Youtube propaganda videos
In response to those who ask me, “Why Hip Hop?”, I would offer that Hip Hop, in its true form, represents an artistic expression of
not necessarily in a religious sense, but in a personal one, and, moreover, in a peaceful one. It is for that reason that I continue to advocate the support of Hip Hop-related programming by cultural diplomacy organizations, as well as others seeking to “engage the hearts and minds of Muslim youth”. One such organization that seems to get it is the
, who co-sponsored an event this past weekend at the
Dash Arts center
in London that featured Arab Hip Hop all-stars from Palestine (
), Lebanon (
), Jordan (
), Algeria (Rabah Donquishoot), and London’s own Palestinian queen MC,
, and US legend Talib Kweli. The event challenged the artists (many of whom had never met before) to take themes from the 6th century Arabian poems,
, and riff off of them to create new music in workshops, culminating in a tour throughout Europe. I’m excited to see and hear what these pioneers of the Arab Hip Hop movement came up with but I have no doubt that it will be an honest account of the world as they’ve seen it, just like the original Mu’allaqat, which described in great detail and poetry the world of pre-Islamic Bedouins. Shadia describes the feeling of reconnecting with that legacy in this quote from an article on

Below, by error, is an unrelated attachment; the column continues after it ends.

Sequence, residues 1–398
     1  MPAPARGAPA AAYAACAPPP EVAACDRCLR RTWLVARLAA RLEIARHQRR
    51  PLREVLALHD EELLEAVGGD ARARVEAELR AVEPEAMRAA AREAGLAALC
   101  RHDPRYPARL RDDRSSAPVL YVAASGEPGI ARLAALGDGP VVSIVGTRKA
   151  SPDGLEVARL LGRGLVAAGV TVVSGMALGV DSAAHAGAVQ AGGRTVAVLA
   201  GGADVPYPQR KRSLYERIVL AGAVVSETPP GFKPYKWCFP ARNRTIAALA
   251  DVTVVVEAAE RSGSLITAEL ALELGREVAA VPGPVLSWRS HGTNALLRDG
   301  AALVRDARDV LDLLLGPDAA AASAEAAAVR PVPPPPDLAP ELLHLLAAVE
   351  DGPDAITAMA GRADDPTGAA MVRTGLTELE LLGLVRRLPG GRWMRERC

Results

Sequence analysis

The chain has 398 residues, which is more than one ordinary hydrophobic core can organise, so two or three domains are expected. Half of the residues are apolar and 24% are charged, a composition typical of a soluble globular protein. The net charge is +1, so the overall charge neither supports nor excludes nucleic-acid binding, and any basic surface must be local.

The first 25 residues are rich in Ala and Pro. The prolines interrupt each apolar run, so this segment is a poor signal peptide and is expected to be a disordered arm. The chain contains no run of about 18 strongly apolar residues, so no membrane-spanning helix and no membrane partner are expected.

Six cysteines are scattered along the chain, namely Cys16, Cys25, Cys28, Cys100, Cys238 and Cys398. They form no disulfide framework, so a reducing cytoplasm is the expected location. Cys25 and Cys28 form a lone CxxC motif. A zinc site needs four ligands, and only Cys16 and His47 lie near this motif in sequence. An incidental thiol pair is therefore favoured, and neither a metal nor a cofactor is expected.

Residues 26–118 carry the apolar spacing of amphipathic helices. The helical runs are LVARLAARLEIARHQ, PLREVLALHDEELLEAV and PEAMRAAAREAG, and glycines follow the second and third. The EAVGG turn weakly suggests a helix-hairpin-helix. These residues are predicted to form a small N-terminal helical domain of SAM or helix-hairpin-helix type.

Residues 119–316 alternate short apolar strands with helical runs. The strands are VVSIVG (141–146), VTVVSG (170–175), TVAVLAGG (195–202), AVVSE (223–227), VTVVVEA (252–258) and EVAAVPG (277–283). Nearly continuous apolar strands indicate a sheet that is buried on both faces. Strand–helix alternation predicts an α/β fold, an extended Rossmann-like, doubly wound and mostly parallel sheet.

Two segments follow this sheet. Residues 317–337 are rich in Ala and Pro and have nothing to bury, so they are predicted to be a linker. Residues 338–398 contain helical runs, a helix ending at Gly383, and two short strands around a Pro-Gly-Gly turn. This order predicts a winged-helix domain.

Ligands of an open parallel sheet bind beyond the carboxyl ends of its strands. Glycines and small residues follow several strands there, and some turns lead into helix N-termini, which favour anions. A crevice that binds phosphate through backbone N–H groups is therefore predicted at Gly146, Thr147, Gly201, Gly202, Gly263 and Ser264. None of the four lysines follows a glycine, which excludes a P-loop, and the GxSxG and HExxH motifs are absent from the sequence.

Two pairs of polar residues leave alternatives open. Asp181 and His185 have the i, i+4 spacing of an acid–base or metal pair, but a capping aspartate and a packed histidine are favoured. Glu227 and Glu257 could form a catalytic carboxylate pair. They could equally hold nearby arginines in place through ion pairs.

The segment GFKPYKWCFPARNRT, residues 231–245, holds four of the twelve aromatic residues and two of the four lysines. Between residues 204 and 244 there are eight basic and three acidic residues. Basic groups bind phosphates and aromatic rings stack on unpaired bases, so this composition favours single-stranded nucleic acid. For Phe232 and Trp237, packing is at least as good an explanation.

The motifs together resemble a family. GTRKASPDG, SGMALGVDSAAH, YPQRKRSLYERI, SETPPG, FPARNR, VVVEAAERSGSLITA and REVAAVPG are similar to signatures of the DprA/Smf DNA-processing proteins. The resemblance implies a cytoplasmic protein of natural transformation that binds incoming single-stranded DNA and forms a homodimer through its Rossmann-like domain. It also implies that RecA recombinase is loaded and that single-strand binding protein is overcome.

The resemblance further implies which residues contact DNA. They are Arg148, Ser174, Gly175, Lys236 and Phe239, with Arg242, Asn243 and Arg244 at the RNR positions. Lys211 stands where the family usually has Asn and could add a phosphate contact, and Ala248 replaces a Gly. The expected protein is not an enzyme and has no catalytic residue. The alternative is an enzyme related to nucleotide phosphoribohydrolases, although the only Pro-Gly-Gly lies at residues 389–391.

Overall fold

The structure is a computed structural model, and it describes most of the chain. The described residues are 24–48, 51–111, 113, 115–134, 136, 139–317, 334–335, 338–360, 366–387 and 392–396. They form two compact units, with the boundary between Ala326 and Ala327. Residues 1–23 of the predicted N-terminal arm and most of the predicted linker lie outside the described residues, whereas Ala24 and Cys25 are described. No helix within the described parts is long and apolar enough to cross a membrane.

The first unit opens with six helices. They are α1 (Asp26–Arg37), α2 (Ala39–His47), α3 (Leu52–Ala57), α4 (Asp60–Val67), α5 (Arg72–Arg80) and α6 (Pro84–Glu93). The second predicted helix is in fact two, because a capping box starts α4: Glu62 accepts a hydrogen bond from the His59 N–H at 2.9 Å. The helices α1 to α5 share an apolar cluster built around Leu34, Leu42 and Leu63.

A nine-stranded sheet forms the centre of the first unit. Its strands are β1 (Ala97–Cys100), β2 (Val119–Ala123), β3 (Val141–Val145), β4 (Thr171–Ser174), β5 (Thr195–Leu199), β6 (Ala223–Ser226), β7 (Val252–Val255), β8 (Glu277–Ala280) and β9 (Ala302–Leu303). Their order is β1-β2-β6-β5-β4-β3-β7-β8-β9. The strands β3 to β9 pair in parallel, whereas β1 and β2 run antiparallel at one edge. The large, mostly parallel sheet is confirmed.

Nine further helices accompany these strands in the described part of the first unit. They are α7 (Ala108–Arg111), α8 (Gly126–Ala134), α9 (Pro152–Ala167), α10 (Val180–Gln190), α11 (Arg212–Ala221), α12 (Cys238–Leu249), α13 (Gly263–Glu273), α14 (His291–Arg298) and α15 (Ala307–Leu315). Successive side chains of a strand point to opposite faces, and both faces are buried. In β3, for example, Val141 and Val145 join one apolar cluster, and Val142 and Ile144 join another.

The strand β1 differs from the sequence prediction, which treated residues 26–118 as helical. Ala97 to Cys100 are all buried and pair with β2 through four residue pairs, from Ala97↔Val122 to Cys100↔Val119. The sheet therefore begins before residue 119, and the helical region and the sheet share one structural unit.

“The Mu’Allaqat poems… I thought I knew a lot about that era but after reading the poems, I learned a lot about my culture. The poems are about Bedouin life but the crazy thing is nothing much has changed… the traditions, the customs, our mannerisms… even the mentality, the conservative nature of that time is still alive in certain parts of the Arab world. To be honest, being Palestinian, being Arab and coming from a very cultural background I have taken my experience, my upbringing and what I feel and put that into all the songs we’re performing at the Roundhouse. Obviously we are all from different Arab regions and have different upbringings, but what I’ve learned from the poems is relative to how we are brought up and live as Arabs. I think it all made sense in the end.”
What other medium could so meaningfully connect young Arabs with their cultural heritage and at the same time allow them to connect with one another, and with other young people around the world, to bear witness, faithfully and creatively, to their lives at the turbulent dawn of the 21st century? Only Hip Hop, where followers make their own form of
expressing belief in the power of music and poetry to affect change.